IO-Link, Industrie 4.0, and Industrial Internet of Things

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IO-Link brings continuity of information from the sensor level to the automation and web worlds.

IO-Link is certainly one of the shooting stars of automation technology. In recent years, the vendor-neutral plug-in connection has established itself in many applications due to its simplicity, ruggedness, and low cost. But there’s more to IO-Link. For one thing, IO-Link is an enabler for innovative sensors. For another thing, IO-Link ensures the data availability demanded by Industrie 4.0 and Industrial Internet of Things.

Ever since Industrie 4.0 and its subset, Industrial Internet of Things, became top topics, manufacturers of automation components have had to confront the challenge of harmonizing the automation technology world with the Internet world. Industrie 4.0 is based on global availability of all relevant information. Generally, it is sensors that supply this information. Sensor manufacturers thus face new challenges but also have unforeseen opportunities. On the plus side: With the development and establishment of IO-Link, sensor manufacturers have done the groundwork in the best way possible so that Industrie 4.0 approaches can be easily implemented.

Photo 1: If sensors were mainly used in the past for switching on and off, today’s intelligent sensors frequently cover 10 or even 30 parameters.

In recent years, it is not only Internet applications that have undergone further development. Sensor technology has also advanced with giant steps. If sensors were mainly used in the past for switching on and off or to provide distance values, a new class of sensors is now taking center stage. These often cover 10 or even 30 parameters and are very intelligent (photo 1: SICK Sensor “Glare”). Instead of providing switching information only, they offer solutions for processes like condition monitoring. For example, a sensor may currently be able to not only detect an object but also to indicate how well it has detected this object. Based on this, a cleaning process can be initiated for the sensor at a value of 80 percent. Another trend: sensors are becoming subsystems that no longer consist of sensors only but also have actuators on-board. Here too, interesting developments from the field of condition monitoring already exist. For example, in the case of pneumatic actuators containing pressure sensors, the pressure characteristics are checked and compared with past pressure characteristics. If changes arise (even creeping changes), early intervention is possible.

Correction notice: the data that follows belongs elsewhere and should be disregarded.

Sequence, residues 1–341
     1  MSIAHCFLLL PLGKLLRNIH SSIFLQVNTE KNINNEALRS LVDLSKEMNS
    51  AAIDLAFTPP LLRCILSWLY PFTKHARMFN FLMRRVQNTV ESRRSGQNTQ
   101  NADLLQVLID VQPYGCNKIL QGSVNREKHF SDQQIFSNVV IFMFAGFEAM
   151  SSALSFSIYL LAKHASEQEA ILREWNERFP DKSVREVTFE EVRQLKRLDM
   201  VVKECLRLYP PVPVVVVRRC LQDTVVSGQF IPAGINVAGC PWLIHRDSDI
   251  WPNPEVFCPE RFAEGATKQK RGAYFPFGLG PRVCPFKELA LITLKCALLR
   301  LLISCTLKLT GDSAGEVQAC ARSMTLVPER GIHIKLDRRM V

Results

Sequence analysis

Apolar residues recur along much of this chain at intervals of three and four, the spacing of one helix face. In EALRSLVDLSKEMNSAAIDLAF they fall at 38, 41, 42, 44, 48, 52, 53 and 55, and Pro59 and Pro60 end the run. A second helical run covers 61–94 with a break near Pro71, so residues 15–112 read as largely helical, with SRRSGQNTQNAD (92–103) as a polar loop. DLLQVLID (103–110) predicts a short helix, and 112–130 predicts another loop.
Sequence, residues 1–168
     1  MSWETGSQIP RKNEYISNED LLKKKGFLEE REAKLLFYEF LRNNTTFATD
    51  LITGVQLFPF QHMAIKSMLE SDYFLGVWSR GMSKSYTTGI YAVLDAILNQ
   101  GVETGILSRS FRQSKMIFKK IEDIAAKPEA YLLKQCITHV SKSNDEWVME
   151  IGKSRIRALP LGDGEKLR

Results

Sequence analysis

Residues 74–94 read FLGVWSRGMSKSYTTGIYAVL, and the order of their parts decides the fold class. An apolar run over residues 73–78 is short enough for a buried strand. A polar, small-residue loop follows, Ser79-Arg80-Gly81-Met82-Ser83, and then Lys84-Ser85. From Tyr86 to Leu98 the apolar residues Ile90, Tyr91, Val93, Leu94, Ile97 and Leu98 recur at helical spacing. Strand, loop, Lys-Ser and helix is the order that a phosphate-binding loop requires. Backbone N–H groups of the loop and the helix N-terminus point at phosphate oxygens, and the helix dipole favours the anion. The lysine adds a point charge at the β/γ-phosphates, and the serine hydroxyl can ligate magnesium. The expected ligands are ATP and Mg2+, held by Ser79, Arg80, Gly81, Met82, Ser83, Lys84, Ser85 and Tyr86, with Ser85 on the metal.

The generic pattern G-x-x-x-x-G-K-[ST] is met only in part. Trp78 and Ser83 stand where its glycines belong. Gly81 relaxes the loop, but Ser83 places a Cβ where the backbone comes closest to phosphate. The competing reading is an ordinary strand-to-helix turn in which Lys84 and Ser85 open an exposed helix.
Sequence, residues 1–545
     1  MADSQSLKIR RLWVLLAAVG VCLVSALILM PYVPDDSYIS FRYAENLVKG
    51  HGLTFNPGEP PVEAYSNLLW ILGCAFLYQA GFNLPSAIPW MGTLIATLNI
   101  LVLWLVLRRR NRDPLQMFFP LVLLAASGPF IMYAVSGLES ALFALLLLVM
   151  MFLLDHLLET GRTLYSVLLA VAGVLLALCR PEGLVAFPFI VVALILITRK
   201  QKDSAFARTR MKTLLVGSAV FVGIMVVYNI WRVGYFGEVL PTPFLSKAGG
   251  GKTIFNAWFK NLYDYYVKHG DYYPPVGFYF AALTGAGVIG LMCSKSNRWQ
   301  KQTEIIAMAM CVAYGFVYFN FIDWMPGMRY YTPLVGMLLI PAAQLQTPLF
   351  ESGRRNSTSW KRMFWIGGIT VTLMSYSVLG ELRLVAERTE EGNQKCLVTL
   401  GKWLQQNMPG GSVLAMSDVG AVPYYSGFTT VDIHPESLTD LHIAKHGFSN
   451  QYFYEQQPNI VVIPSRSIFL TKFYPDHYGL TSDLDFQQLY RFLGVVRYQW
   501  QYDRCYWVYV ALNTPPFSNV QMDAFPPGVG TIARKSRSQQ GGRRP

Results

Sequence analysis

System-independent device engineering

The resulting demands on sensor manufacturers are multifaceted. For example, these types of subsystems require their own engineering tool and operator interface that can be used to match the device to the respective application level. A PLC, as we know it today, cannot perform the engineering. Nor is it able to adapt the subsystem to the respective application. The controllers merely provide a selection of compiled and filtered information to higher-level system solutions such as SCADA (Supervisory Control And Data Acquisition) or MES (Manufacturing Execution System) systems.

Photo 2: Sensors are increasingly becoming subsystems that have actuators on-board. These types of subsystems require their own engineering tool and operator interface that can be used to match the device to the respective application level. IO-Link provides the prerequisites for this.

Often, this is not desirable because the subsystem manufacturers have inserted a lot of know-how in their products, which they obviously want to protect. One example of such a subsystem, which is already equipped with its own setting wizard app, is an electric gripper for handling tasks. The user can not only set up the gripper using the app but also select various device views for service technicians, operators, and the engineering team, for example. It is crucial for sensor manufacturers and users that this setting wizard can function independently of the system. Single-cable technology is another requirement. The electric gripper has only one cable that transmits both power and data (values of pressure and temperature sensors, distance measurement, etc.)(photo 2: Zimmer gripper). This development was made possible by IO-Link.

Reliance on standards